Dr Ruth Briant-Jones
Is the Perfection Misperception Standing in the Way of Your Happiness?
The majority of my coaching clients are busy professionals; driven, ambitious, and generally pretty successful. They tend to be the types who've done well in life, but for many of them, they reach a point where they feel they're just 'surviving' - getting through each day, rinse and repeat: managing. I think this happens to this demographic because people who are 'good' at life, who have busy, responsible jobs and people to manage, can often get stuck in this life of doing everything for everyone else, plus everything they need to do to keep things afloat at home, at work and socially, plus all the other pulls and demands on their time, and they prioritise all of these things because of their work and personal identity. They are the one who is relied on, they are the competent one, the one who holds everything together - that is the value they think others place in them, and the value they place in themselves. But, in the rare times of reflection, in the dark hours when they're trying to calm that busy head down to get some sleep, something tells them 'I'm not happy', 'I'm not everything I can be', or 'is this it?'. Busy people, busy lives - full to the brim with work and social activities, and yet still, something is missing.
I remember one coaching session in particular, where I was with a new client. A busy professional mum who was just, well, miserable. Her life was crammed. A super smart, organised woman who planned everything within an inch of its life, she knew what she was 'supposed' to do to stay on an even keel - and so she had also carefully planned her self-care regime. She gave herself a hard time when something else ran into her self-care time, when she wasn't focusing enough on her self-care, when she didn't feel revived from the activity she had chosen to do, when she woke tired, again, in the morning; in fact, she just ripped herself apart at any opportunity. When we spoke about how she might re-allocate some of this busy schedule to doing less, to focus on simply enjoying those moments with her family, to making a mess, to curling up with a book, she threw her hands up in the air and spat 'what time, I have no bloody time! I don't even have time to make time!'. And that's where we started to get to the heart of it for her. She, like many of us, had become completely sucked into the illusion of who she was supposed to be, and she, like many of us, had planned herself into oblivion, to the point of not being able to think straight, to not having any real space at all. She had allocated herself some 'self-care' time, but not from a place of self-love. The point of self-care, is to simply spend some time loving yourself. It's time spent in the moment, doing something that brings you joy, peace, growth (you can plan that all you like, but if you're sitting there in your carefully prepared self-care time thinking 'I need this to make me feel good', then you're not doing it right). Her image of perfection was destroying the opportunity for joy in her life, and the value she placed on being and appearing perfect was overriding her deeply-felt need to be happy. Mistakenly thinking that perfection and happiness were one and the same, she was using up all of her energy chasing something that was never real.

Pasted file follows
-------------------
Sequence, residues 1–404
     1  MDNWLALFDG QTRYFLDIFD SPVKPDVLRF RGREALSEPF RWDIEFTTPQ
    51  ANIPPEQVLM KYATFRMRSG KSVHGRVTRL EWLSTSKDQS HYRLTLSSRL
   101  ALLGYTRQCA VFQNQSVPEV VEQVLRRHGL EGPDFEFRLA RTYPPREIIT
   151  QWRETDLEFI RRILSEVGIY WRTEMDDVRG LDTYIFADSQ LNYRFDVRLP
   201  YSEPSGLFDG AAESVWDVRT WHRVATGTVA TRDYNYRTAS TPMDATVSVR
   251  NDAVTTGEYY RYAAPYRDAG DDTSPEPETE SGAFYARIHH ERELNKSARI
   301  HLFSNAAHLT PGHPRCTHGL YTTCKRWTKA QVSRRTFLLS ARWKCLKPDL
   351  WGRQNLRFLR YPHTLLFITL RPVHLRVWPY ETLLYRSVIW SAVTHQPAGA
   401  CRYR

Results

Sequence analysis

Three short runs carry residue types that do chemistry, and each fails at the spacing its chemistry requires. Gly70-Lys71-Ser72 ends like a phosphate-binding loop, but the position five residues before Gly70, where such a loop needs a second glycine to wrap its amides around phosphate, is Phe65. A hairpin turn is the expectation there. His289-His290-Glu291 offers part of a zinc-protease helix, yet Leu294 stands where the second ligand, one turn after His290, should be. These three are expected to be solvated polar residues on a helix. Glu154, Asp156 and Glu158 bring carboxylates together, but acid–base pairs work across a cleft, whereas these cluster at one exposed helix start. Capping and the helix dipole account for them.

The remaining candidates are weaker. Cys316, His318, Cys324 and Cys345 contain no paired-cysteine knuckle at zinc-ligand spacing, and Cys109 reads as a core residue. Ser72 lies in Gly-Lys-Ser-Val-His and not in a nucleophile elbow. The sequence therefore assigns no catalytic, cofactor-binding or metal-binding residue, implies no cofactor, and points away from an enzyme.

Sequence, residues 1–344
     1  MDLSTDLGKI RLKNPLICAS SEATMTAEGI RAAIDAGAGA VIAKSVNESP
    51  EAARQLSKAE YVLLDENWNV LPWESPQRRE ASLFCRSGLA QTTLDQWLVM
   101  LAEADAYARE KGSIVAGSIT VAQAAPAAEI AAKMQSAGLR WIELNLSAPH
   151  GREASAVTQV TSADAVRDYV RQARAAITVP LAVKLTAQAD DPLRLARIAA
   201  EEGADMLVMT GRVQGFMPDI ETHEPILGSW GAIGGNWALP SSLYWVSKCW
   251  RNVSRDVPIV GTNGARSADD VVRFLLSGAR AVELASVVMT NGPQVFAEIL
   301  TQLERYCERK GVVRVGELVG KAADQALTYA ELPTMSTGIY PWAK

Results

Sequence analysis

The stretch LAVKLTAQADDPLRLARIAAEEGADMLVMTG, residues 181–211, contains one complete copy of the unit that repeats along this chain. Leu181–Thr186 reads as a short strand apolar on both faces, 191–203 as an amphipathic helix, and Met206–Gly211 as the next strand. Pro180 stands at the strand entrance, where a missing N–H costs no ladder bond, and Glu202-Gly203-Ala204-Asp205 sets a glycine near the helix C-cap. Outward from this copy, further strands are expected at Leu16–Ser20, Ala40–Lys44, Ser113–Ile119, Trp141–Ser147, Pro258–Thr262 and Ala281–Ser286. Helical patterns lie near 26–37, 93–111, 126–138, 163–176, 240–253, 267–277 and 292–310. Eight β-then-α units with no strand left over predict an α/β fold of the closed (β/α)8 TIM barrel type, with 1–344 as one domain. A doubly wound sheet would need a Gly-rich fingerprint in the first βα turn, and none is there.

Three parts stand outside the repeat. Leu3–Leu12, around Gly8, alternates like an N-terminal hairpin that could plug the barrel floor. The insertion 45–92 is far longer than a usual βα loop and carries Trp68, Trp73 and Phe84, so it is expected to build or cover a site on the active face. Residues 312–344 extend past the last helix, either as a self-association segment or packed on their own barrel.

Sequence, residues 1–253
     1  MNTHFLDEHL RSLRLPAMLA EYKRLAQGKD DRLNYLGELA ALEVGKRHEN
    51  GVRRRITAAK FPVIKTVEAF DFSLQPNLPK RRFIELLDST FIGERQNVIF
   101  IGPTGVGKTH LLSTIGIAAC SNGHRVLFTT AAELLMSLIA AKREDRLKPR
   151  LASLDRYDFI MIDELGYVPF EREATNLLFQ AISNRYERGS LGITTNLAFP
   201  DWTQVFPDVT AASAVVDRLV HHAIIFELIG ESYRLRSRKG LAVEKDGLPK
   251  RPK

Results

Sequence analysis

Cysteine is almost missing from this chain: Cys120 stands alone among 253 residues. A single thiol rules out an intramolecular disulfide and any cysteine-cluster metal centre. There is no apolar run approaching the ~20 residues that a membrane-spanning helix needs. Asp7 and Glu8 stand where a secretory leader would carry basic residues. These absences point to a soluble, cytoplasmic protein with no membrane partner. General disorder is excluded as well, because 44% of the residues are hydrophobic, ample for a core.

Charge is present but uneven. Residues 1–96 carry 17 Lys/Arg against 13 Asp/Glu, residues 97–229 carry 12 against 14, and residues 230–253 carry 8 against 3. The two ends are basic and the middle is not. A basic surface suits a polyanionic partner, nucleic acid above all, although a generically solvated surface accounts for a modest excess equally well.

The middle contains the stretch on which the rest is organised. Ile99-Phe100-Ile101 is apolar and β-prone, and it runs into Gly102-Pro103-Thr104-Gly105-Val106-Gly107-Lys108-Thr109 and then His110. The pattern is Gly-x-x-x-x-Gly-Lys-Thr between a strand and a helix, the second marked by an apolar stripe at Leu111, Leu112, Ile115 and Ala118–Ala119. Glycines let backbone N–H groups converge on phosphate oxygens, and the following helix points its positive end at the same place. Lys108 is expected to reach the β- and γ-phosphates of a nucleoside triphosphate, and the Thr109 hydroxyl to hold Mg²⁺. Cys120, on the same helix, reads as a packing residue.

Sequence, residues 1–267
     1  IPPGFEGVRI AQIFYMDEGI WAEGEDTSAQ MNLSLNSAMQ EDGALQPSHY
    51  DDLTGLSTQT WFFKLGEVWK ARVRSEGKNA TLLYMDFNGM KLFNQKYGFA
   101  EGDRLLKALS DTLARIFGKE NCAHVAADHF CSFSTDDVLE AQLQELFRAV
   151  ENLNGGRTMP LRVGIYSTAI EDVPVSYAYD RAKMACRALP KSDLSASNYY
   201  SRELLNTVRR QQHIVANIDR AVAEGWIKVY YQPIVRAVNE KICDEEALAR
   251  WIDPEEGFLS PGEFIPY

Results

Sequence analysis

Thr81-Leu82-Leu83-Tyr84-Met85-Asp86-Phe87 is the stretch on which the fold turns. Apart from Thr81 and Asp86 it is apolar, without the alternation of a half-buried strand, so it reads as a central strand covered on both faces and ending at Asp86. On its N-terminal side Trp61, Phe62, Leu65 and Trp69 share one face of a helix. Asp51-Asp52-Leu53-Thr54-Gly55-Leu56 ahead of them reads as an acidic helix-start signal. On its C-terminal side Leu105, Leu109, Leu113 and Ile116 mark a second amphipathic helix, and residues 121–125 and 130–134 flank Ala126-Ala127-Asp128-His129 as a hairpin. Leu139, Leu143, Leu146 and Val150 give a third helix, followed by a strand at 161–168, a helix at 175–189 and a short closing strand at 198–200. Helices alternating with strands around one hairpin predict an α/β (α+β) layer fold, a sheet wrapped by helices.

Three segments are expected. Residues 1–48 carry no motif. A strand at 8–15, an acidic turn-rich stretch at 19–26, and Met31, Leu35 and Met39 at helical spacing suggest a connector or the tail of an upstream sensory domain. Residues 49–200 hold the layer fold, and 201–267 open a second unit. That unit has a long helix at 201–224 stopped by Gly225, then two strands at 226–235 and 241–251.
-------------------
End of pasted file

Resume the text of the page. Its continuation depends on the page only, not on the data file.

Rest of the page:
She is in no way alone. We are often told that to live a happy life we must live a full life - to use all of these precious hours we have. We place importance on being efficient and successful and perfect. So we plan, and we fill it, and often, we plan for those around us too: we create for ourselves this blueprint for our perfect life. And then we live it. Except, it's exhausting, and soon we've run out of steam and the schedule starts slipping, and then suddenly, we're just clinging on by our fingernails and wondering how we got here and if this is what life is meant to be. Sound familiar? Those who reach out to me for coaching have usually got to this point and they want to find their spark again - to find the passion they may have once had, to find purpose, to feel fulfilled and happy. They want to feel alive again.
"Without the time for growth and nurture, we lose the joy of actually living"
So here it is: we need personal space, quality time, and time for personal growth. Without the time for growth and nurture, we lose the joy of actually living. We lose our foundation, we lose touch with who we really are, and when we do that, we lose our direction. Ultimately, by giving ourselves the time to give ourselves the gift of self-love, we choose happiness. And in choosing happiness, we can truly bring happiness to those around us. That's the real perfect. Ditch the rainbow-chasing perfectionism, and ditch your idea of who you're supposed to be to the world around you. Instead, be who you are, and focus on loving that. Give yourself time, and love, and nurture. I promise, the rest will follow.
Do you need some help to find your happy place, or to find your spark again? I can help you find the time you don't think you have, to give yourself the love you deserve. Book online now for a free consulting call.